--- Sigmund Freud - "Neither in my private life, nor in my writings, have I ever made a secret of being an out-and-out unbeliever."

--- George Bernard Shaw - "At present there is not a single credible established religion in the world."

--- Clarence Darrow - "I don't believe in God because I don't believe in Mother Goose."

--- John Dewey - "There is nothing left worth preserving in the notions of unseen powers, controlling human destiny, to which obedience and worship are due."

--- Bertrand Russell - "My own view on religion is that of Lucretius. I regard it as a disease born of fear and as a source of untold misery to the human race."

--- Albert Einstein - "I cannot imagine a God who rewards and punishes the objects of his creation, whose purposes are modeled after our own -- a God, in short, who is but a reflection of human frailty. Neither can I believe that the individual survives the death of his body, although feeble souls harbor such thoughts through fear or ridiculous egotism."

--- H.L. Mencken - "I believe that religion, generally speaking, has been a curse to mankind."

--- President William Howard Taft - "I do not believe in the divinity of Christ, and there are many other of the postulates of the orthodox creed to which I cannot subscribe."

--- Playwright Maxwell Anderson - "The gods of men are sillier than their kings and queens, and emptier and more powerless."

--- Novelist Theodore Dreiser - "Assure a man that he has a soul and then frighten him with old wives' tales as to what is to become of him afterward, and you have hooked a fish, a mental slave."

--- Novelist Pearl Buck - "It may be that religion is dead, and if it is, we had better know it, and set ourselves to try to discover other sources of moral strength before it is too late."

--- Margaret Sanger - "No gods, no masters." (Motto of her newsletter.)

--- Wil Durant - "Does history support a belief in God? If by God we mean not the creative vitality of nature but a supreme being intelligent and benevolent, the answer must be a reluctant negative."

--- Walter Lippmann - "The radical novelty of modern science lies precisely in the rejection of the belief, which is at the heart of all popular religion, that the forces which move the stars and atoms are contingent upon the preferences of the human heart."

--- Ayn Rand - "Religion... is the first enemy of the ability to think.... Faith is the worst curse of mankind, as the exact antithesis and enemy of thought."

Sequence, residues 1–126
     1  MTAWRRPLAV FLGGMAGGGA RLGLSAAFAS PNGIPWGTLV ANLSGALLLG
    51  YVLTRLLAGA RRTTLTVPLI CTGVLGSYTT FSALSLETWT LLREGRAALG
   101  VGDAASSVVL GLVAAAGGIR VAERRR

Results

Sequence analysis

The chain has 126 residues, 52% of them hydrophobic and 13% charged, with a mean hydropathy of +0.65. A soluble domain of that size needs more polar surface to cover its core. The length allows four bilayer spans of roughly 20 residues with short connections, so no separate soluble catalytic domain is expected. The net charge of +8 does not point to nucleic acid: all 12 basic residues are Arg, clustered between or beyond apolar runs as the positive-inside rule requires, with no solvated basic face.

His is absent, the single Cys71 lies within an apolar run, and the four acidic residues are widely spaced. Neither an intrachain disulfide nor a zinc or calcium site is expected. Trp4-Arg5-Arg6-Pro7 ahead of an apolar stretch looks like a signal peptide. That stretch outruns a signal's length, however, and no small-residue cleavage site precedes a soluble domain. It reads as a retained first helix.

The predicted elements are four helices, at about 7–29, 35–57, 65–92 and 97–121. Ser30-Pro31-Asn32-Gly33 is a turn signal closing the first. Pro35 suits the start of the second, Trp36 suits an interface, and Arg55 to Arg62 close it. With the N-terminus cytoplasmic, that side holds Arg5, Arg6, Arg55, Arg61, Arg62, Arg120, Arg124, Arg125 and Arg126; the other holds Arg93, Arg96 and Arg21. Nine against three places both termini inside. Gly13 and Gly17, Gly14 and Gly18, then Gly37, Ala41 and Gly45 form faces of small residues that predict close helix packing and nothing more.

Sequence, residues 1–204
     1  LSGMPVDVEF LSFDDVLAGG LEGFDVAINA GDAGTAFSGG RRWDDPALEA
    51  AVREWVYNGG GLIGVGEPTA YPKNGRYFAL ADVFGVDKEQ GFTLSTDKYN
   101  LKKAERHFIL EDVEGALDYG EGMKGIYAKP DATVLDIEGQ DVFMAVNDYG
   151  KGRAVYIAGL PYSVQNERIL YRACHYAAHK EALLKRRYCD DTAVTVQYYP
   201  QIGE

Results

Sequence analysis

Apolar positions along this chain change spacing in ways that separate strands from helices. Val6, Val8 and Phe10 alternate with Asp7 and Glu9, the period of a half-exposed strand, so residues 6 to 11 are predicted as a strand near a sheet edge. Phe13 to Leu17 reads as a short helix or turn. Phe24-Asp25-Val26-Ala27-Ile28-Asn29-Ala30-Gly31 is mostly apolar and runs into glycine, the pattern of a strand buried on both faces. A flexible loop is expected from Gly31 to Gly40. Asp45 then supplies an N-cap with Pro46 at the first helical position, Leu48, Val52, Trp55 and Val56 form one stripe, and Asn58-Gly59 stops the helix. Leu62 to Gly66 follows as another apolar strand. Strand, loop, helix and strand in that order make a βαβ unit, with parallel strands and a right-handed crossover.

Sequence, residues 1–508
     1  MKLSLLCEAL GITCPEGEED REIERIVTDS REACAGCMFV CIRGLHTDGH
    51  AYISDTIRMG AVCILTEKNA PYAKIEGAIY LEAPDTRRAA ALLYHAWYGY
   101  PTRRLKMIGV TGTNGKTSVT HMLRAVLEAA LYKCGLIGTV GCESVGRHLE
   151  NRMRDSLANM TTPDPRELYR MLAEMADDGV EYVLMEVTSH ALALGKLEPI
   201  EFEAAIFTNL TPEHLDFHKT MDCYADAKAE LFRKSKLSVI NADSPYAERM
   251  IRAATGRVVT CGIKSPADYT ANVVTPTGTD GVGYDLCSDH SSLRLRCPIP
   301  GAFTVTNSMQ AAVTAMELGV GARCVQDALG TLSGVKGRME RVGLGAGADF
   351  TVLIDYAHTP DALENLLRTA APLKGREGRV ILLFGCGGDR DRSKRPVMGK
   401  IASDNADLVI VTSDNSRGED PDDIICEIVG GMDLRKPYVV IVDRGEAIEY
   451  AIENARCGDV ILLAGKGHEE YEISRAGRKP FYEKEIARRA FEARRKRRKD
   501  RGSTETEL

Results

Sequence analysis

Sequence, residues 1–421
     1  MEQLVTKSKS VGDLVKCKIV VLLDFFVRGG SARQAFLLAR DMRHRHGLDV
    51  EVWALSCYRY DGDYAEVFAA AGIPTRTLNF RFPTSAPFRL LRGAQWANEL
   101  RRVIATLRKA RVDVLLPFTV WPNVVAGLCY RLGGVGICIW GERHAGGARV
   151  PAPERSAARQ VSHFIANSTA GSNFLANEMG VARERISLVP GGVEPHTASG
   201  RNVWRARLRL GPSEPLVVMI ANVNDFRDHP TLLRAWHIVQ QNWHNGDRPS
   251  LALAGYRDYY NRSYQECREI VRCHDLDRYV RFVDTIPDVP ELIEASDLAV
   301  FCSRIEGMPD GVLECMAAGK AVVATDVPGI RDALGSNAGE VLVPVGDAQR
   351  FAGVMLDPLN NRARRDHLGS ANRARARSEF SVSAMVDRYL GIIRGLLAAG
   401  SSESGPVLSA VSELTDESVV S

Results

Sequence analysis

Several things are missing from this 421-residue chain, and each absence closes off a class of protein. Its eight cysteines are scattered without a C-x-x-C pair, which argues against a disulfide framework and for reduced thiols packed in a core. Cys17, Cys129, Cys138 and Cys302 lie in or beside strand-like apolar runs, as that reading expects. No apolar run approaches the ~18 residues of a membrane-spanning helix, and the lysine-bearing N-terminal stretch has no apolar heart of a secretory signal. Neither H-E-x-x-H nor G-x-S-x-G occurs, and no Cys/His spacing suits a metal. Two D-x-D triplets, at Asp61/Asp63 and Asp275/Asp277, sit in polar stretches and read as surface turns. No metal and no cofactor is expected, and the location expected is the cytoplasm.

--- Jean Paul Sartre - "The existentialist... finds it extremely embarrassing that God does not exist, for there disappears with him all possibility of finding values in an intelligible heaven.... We have lost religion, but we have gained humanism."

--- Isaac Asimov - "It seems to me that God is a convenient invention of the human mind."

--- Kurt Vonnegut - "I am of course a skeptic about the divinity of Christ and a scorner of the notion that there is a God who cares how we are or what we do."

--- Gloria Steinem - "By the year 2000 we will, I hope, raise our children to believe in human potential, not God."

Etc., etc. We could go on for hours listing famous 20th century people who couldn't swallow the magical parts of religion.

So, as we near the end of the century -- and the millenium -- we can see that honest agnosticism has made great progress. Or has it? Supernaturalism still dominates the planet, as it always has done. For every skeptical intellectual, there are 1,000 Southern Baptists or fundamentalist Muslims or praying Hindus. Is freethought advancing? What's the world situation today?

Personally, I think religion is dying among intelligent, educated Western people. In my youth, America's mainline, "high steeple," Protestant churches were the bastion of the college-educated elite. But today, those churches have dwindled to a fringe. They've lost 7 million members since the 1960s, while the nation's population rose 60 million. I think this means that educated people don't need religion any more.

Even pollster George Gallup, who obviously champions religion, keeps reporting that supernatural beliefs have dwindled in American society.

Look at the religious taboos that have fizzled: When I was young, you could be put in jail for looking at the equivalent of a Playboy magazine -- but now there's nude lovemaking in most R-rated movies. In my youth, you could be jailed for buying a drink or a lottery ticket -- but now drinking is respectable, and the state government runs the lottery. In my day, homosexuals were sent to prison for "sodomy" -- but now they're mostly seen as fellow humans. In my day, an unmarried couple sharing a bedroom could be jailed for "fornication" -- but now millions of young couples simply live together. So the old church "thou shalt nots" have bitten the dust. This has been a huge transformation, yet hardly anyone notices. I think it signifies a retreat by religion.

While mainline churches are dying in America, there has been a giant upsurge in Catholics, Mormons, Southern Baptists, Pentecostals, Moonies, Hare Krishnas, TV evangelists -- plus every imaginable sort of "New Age" fruitcake. Americans now spend $300 million a year on calls to "psychic" hot-lines.

What does it all mean? Where has the 20th century brought us? Maybe America is pulling apart into two societies: educated secular people, and lower-income magic-believers? Maybe all this growth in simplistic beliefs is a death spasm for religion -- a binge of irrationality in the face of relentlessly advancing scientific views? Maybe America is becoming like Europe, where traditional religions mostly have died, without such a conspicuous growth in fringe beliefs? I'm not sure.

The wishful thinker in me says we're witnessing the end of voodoo. But the cynical realist in me says voodoo will always dominate the world, no matter how many great minds oppose it.

It's a subject we can mull over forever -- so let's go to questions.